When Ben Stokes celebrated his part in the England cricket team’s World Cup triumph, followed by his incredible match-winning innings during the Ashes, dubbed the “greatest ever”, he could not have anticipated that heightened interest in him would lead to the later unwelcome unearthing of an old family secret.
The day after the Ashes series ended, The Sun newspaper ran a story headlined “Stokes’ Secret Tragedy” recounting the 1988 murder of Stokes’ two siblings by his mother’s ex-partner in New Zealand.
In a highly charged response on Twitter, Stokes vehemently criticised The Sun, claiming its story was “immoral and heartless” and “contemptuous to the feelings and circumstances of my family”.
The Sun’s spokesperson has defended the newspaper’s actions, claiming that the murders were widely covered in the New Zealand media and that it had published with the co-operation of another family member, Jacqui Dunn, the killer’s other daughter.
These arguments broadly reflect the privacy versus free expression arguments that have recurred in many legal disputes between high-profile celebrities and the (usually tabloid) media. Such disputes are governed by misuse of private information (MPI) law, an area of law developed by judges following the passage of the Human Rights Act 1998 (HRA), particularly the Article 8 right to respect for private life and the Article 10 right to free expression.
Though Stokes has not indicated any intention to bring a legal claim, wider questions have arisen as to the legality of The Sun’s actions. So, has The Sun breached privacy law?
When deciding whether a misuse of private information has occurred, the court would apply a two-stage test. First, it would consider whether Stokes had a “reasonable expectation” of privacy in relation to the information. If so, the court would then balance Stokes’ privacy right against The Sun’s free expression right and decide which one is stronger and ought to prevail. Both of these stages of the test take close account of the particular facts of the relevant case. In the context of misuse of private information, two issues in the Stokes case are particularly interesting because of their (legal) ambiguity.
First is the question of whether this information was, as The Sun claims, already in the public domain? In older confidence actions in the pre-Human Rights Act, pre-digital era, a firm “public domain” exception applied. Once information was “out there”, it was “public” and there was no secret left to protect.
But this position has developed and a strict private/public binary no longer applies. An individual may still have a reasonable expectation of privacy in respect of information that is partly (or even widely) publicised. In Stokes’ case, the extensive publicity given to the murder of his siblings was more than 30 years ago in a country on the other side of the world. So this would not automatically be deemed “public” and The Sun’s reference to the story as “Stokes’ Secret Tragedy” tends to support this.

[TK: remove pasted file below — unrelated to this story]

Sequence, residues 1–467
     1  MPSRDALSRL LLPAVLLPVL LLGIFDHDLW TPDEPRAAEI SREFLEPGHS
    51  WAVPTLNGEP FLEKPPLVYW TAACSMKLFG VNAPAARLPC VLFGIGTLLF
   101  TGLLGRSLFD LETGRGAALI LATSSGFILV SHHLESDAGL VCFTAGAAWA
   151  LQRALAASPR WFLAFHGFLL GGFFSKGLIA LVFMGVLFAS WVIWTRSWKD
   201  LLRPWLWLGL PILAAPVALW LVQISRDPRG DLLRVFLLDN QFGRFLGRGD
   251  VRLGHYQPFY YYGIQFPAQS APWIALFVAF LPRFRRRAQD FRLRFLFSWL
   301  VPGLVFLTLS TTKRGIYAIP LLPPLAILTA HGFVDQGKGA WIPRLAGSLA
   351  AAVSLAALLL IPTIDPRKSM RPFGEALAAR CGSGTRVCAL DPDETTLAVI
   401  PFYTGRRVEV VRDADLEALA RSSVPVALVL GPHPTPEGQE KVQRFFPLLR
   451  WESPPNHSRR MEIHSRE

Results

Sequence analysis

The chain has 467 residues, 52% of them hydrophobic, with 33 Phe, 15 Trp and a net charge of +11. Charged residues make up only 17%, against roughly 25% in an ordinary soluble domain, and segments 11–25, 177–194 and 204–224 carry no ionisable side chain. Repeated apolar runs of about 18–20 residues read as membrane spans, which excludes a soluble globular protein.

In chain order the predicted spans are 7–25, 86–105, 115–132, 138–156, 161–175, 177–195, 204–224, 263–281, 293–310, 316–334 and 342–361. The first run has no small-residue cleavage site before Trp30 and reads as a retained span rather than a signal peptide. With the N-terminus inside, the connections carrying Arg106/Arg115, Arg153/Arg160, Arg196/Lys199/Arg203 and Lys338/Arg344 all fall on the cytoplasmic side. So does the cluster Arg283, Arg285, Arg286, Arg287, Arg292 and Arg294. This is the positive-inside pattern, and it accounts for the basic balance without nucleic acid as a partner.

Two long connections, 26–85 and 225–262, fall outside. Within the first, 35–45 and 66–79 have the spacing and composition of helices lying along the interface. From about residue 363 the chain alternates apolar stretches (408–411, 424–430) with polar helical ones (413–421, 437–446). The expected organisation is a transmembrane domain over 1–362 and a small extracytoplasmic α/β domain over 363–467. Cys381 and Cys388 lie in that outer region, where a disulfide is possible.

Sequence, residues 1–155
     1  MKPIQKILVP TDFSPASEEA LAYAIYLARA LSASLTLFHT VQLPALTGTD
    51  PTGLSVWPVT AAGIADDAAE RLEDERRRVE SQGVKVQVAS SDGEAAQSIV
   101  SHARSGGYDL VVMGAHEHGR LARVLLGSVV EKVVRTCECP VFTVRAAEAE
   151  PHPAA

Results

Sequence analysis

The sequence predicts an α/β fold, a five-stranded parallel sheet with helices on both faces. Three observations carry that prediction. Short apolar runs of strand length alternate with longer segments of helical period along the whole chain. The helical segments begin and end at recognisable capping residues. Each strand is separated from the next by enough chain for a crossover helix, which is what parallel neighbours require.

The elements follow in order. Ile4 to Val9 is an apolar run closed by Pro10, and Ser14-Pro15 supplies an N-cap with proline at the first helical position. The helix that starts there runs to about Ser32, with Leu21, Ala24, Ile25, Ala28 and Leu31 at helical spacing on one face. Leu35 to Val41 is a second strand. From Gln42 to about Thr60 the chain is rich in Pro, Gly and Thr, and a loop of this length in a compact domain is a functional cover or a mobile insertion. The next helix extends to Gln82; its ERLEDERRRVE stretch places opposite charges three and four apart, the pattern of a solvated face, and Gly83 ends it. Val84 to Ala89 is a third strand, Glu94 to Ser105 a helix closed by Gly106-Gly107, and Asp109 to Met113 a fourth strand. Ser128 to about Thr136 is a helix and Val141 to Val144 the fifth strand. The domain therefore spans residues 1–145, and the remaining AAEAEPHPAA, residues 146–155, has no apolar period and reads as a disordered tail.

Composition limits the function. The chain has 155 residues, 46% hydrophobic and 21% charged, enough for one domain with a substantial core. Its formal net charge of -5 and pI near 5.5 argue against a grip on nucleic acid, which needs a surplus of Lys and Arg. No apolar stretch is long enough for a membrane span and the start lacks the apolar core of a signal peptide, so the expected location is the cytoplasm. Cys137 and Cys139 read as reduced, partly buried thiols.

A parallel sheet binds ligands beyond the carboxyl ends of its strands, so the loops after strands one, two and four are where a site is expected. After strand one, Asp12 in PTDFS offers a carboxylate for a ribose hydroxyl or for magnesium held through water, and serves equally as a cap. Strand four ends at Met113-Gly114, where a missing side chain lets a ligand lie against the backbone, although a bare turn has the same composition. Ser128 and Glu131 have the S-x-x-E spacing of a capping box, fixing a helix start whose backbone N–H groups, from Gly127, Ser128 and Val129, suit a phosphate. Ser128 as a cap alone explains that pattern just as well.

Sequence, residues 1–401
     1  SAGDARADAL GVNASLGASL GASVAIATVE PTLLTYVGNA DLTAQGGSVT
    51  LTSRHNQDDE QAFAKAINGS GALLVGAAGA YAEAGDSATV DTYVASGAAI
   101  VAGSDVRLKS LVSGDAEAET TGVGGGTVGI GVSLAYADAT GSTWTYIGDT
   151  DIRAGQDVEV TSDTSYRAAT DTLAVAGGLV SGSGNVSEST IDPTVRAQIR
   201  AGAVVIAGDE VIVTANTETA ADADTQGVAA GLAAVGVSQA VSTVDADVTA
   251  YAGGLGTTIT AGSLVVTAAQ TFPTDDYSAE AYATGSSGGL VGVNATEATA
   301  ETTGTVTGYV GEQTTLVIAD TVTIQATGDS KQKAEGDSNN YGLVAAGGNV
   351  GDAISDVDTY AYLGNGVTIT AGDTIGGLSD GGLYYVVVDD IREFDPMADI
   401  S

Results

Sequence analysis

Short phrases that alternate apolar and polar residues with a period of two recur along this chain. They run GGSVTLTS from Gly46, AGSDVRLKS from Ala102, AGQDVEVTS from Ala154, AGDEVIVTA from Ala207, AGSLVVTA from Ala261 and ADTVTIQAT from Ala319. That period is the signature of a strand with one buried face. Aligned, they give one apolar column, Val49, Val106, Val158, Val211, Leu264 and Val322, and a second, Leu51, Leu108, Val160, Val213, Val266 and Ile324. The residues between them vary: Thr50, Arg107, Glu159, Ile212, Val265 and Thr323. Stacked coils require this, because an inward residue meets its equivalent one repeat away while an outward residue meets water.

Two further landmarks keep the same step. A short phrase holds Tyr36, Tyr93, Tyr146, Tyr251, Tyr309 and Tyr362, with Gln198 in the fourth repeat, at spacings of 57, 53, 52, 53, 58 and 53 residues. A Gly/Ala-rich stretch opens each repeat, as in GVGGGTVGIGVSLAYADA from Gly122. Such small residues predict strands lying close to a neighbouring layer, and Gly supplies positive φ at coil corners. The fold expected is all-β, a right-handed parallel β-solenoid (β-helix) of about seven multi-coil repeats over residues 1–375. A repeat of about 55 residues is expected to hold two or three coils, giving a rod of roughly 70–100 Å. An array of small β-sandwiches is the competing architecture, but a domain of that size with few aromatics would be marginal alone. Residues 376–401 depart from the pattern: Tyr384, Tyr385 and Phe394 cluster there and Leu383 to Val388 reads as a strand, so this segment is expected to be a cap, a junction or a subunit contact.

A second interesting issue is: whose privacy is it anyway? Stokes’ Twitter statement claimed: “I will not allow my public profile to be used as an excuse to invade the rights of my parents, my wife, my children or other family members.” This hinted perhaps at his acceptance that his sporting role will attract a degree of attention and interest.
Misuse of Public Information (MPI) law does indicate that being a “public figure” or “role model” is a relevant factor in MPI disputes and so-called “Ashes Hero” Stokes would fit the definition. But the law is also clear that public figures still enjoy a right to privacy, as successful litigants such as Naomi Campbell and “PJS” demonstrate. Furthermore, Stokes’ “public figure” status would have only limited bearing on whether The Sun’s story was deemed to be in the public interest.
This statement also raises the trickier issue of how to deal with the privacy interests of an interrelated family group. Stokes’ primary concern was for the privacy of his family – and particularly his mother who lives in New Zealand. The privacy rights of family members may be included in claims where there is clear evidence they would be adversely affected by publication of private information.
But would Stokes have a reasonable expectation of privacy in relation to events that happened to other members of his family before his birth, particularly where another extended family member is willing to speak to the media about them? This case raises the problem of who (if anyone) can “own” or control shared family experiences – particularly when family members have different attitudes to the information.
In this sense, the case has broad parallels with the James Rhodes dispute in 2014-15 where the Court of Appeal held that James Rhodes’ autobiography did not misuse private information about his son, because the information was about Rhodes rather than his son.
Ultimately, the Stokes-Sun dispute highlights some interesting grey areas in MPI law and, while a privacy claim would face a number of hurdles, it is also clear that The Sun’s claims about public domain should be treated with caution. Yet, irrespective of the strength of any legal claim, in light of widespread criticism of The Sun and support for Stokes, it seems that the morality of The Sun’s actions is perhaps more clear-cut.